Homestyle Hospitality The B&b Difference

April 21, 1991|By BETH SMITH

If visions of blue water and sailboats are dancing in your head but you're bothered by recession blues and a checkbook showing major wear and tear, one option to the economy deal at a seaside motel is to book yourself into a B&B for your summer vacation. Yes, yes, we know -- some bed and breakfasts have prices that compare with the Ritz and rooms that look like suites at Winterthur. But, believe it or not, there are nice, moderately priced B&Bs at some of the state's premier summer destinations.

Plus, at B&Bs you get breakfast free, and not just one muffin and Grandma's homemade strawberry preserves. More and more B&Bs are serving full breakfasts that can often take you from morning till an early dinner, resulting in a nice savings on food.

B&Bs have rules. After all, if you opened up your house to a bunch of strangers, you would probably like to have some control. Some hosts accept credit cards and personal checks, some only cash. Some B&Bs have air conditioning. Some don't. Generally, pets are not allowed, smoking is pretty much a no-no, and breakfast has a set time -- don't sleep in and then stroll downstairs for eggs Benedict at noon.

Always call ahead for information and to make reservations. Don't just show up on the doorstep. There are reservation services in the state that deal only with B&Bs. One is the Traveller in Maryland, where the staff has personally inspected every B&B it recommends and can give you the scoop on many homes scattered from Western Maryland to the coast.

One nice thing about B&Bs is that the owner-host knows the ins and outs of his or her town. This is a big plus if you are traveling on a budget. The owner-host can fill you in on local attractions that are free or only charge a modest fee. And, when you decide you really can't function all day on just breakfast, he can point you in the direction of some moderately priced restaurants, a wholesome soup and sandwich bar, the best early-bird specials at some of the more pricey establishments, or the greatest happy hour in the city.

If you've never stayed in a B&B, you might not be prepared for the congenial atmosphere and sociability of the host and other guests. People will talk to you. The ambience is "home away from home." But hosts are adept at scouting out guests who want to be alone and will turn attention away from you if that is what you desire. Expect some communal activities, though. You might have to make a phone call from a hall telephone and, if you want to watch the news, you will probably find a television in the living room or den, not in your room. Breakfast is most often at a large family-type dining table -- could be Chippendale mahogany or country oak -- with other guests.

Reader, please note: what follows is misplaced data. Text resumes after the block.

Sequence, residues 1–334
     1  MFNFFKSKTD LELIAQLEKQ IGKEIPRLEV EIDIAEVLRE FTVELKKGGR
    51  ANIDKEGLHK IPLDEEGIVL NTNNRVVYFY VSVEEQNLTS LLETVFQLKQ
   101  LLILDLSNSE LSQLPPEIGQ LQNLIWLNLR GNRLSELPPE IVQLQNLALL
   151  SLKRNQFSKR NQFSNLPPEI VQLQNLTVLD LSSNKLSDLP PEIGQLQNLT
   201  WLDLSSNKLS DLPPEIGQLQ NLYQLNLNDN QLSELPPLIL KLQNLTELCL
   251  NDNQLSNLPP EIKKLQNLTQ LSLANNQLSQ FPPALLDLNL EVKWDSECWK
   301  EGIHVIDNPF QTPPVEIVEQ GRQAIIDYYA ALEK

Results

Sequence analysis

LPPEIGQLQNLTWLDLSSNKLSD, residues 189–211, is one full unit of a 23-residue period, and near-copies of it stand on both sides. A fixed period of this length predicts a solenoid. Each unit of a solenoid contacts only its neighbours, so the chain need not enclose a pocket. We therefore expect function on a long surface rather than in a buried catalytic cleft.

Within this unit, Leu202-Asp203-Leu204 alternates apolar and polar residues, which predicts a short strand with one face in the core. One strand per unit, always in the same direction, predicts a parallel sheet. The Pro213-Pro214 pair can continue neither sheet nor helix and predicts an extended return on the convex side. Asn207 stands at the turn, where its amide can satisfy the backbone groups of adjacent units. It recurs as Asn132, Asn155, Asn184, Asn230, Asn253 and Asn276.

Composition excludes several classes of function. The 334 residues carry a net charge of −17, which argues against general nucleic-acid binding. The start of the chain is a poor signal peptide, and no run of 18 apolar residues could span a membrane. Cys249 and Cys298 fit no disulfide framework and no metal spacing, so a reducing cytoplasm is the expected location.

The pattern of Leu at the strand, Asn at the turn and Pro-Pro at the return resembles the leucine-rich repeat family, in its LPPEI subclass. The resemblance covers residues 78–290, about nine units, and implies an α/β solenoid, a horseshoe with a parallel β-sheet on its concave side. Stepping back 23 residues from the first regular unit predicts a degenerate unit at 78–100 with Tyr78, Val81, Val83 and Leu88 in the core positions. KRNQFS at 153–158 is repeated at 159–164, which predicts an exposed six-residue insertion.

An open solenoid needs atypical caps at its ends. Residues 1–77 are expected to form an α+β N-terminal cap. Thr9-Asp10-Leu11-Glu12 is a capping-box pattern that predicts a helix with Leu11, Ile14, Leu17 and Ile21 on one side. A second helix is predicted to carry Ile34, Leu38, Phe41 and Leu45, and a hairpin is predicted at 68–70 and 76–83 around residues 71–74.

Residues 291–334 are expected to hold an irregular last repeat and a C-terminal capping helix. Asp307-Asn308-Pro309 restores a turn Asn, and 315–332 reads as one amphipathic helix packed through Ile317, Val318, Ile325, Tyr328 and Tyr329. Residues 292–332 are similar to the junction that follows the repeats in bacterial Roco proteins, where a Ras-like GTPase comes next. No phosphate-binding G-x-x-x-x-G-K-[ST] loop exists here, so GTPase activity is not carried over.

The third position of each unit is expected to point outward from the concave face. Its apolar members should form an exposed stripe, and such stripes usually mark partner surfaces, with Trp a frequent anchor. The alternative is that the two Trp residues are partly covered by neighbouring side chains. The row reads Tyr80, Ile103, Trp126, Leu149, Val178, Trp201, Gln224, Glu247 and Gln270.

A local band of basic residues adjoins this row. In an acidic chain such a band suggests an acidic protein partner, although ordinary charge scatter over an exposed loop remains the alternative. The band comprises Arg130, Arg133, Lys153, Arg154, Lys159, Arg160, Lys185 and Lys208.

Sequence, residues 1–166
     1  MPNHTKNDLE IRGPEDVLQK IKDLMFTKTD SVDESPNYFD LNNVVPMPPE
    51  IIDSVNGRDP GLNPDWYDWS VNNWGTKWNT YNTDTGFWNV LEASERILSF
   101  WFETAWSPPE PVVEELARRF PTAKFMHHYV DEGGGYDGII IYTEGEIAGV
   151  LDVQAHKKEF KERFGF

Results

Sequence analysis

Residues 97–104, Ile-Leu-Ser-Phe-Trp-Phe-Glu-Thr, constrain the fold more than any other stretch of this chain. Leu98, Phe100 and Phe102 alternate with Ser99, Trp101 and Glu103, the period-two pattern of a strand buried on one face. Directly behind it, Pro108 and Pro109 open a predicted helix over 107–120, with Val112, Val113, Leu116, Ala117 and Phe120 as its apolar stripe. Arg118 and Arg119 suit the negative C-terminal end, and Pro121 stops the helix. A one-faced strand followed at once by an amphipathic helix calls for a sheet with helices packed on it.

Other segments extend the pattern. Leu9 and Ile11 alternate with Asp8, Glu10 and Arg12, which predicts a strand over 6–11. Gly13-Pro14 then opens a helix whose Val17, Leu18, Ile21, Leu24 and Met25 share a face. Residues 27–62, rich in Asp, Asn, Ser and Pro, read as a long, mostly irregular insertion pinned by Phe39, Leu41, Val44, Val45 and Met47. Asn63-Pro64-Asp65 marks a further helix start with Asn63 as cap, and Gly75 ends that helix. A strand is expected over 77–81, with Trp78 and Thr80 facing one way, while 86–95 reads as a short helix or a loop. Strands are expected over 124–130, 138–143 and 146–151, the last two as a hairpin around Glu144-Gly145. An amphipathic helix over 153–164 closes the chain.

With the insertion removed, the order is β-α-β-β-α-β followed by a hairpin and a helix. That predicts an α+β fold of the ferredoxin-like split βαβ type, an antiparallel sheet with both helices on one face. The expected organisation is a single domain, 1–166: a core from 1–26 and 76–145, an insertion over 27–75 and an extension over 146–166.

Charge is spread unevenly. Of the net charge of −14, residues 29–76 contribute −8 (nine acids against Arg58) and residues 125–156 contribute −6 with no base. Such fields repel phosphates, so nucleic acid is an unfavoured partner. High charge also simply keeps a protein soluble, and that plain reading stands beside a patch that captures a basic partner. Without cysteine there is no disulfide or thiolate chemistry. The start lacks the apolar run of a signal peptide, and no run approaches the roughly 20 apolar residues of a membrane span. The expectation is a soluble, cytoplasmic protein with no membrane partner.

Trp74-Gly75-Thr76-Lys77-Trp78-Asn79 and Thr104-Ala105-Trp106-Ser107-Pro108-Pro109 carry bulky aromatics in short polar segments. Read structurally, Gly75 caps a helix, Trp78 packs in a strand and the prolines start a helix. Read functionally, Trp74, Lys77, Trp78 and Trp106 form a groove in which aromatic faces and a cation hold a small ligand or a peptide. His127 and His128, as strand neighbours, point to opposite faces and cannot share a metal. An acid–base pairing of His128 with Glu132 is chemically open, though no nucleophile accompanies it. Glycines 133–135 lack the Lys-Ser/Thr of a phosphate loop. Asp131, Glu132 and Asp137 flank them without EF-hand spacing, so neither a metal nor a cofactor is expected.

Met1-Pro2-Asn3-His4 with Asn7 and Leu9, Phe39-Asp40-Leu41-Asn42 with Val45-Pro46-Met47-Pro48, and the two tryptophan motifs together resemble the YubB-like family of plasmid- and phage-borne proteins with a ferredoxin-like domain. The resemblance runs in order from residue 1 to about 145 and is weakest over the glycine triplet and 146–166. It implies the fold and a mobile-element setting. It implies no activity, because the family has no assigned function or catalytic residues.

Because B&B owners are trying to make a living like the rest of us, they sometimes raise their prices in the summer if they are located in a vacation spot, but not always. Occasionally they will discount for stays longer than a night or two or in the middle of the week, which is always the best time to check into a B&B. First, room availability is better, even in midsummer, and second, if the house is not full, you can possibly pay for a room with a shared bath -- horrors to many Americans but always the cheapest way to go in a B&B -- and not have to share it with anybody.

The mecca for B&Bs in the state has to be Annapolis. There are probably about 30 in the area. They range from brick town homes to waterfront contemporaries. Some are very pricey and filled with lovely antiques and artwork, but many have rooms available in the $50 to $85 per night category. Here's a sampling of Annapolis B&Bs:

The William Page Inn was built in 1908. At one time the headquarters for a men's social club of some renown, this turn-of-the-century house was bought a few years ago by Greg Page who restored the building and furnished it with Maryland antiques dating from 1890 to 1925. The least expensive room is $75, but breakfast is a banquet with all types of homemade breads, an egg and sausage casserole, apple crisp, a fruit tray and a cheese tray, cold cereals, freshly squeezed orange juice, milk, special coffees and teas. In the afternoon, an array of homemade munchies, like lemon squares of cookies, is set out for guests.

John and Mary Prehn turned their large, Georgian revival-style brick home -- the bricks date back to the 1730s -- into a B&B about 10 years ago and named it Magnolia House. They offer guests three rooms, all with private baths, one with a working fireplace. The third-floor suite sleeps up to six people and is good for families. If the weather is warm, a full breakfast -- including either waffles, eggs Benedict or omelets -- is served on the garden patio, which is dominated by a lovely magnolia tree. The traditional dining room is used in cold or rainy weather. Prices are $65 or $75 for double occupancy and the Naval Academy is right nearby.

Baltimore Sun Articles
Please note the green-lined linked article text has been applied commercially without any involvement from our newsroom editors, reporters or any other editorial staff.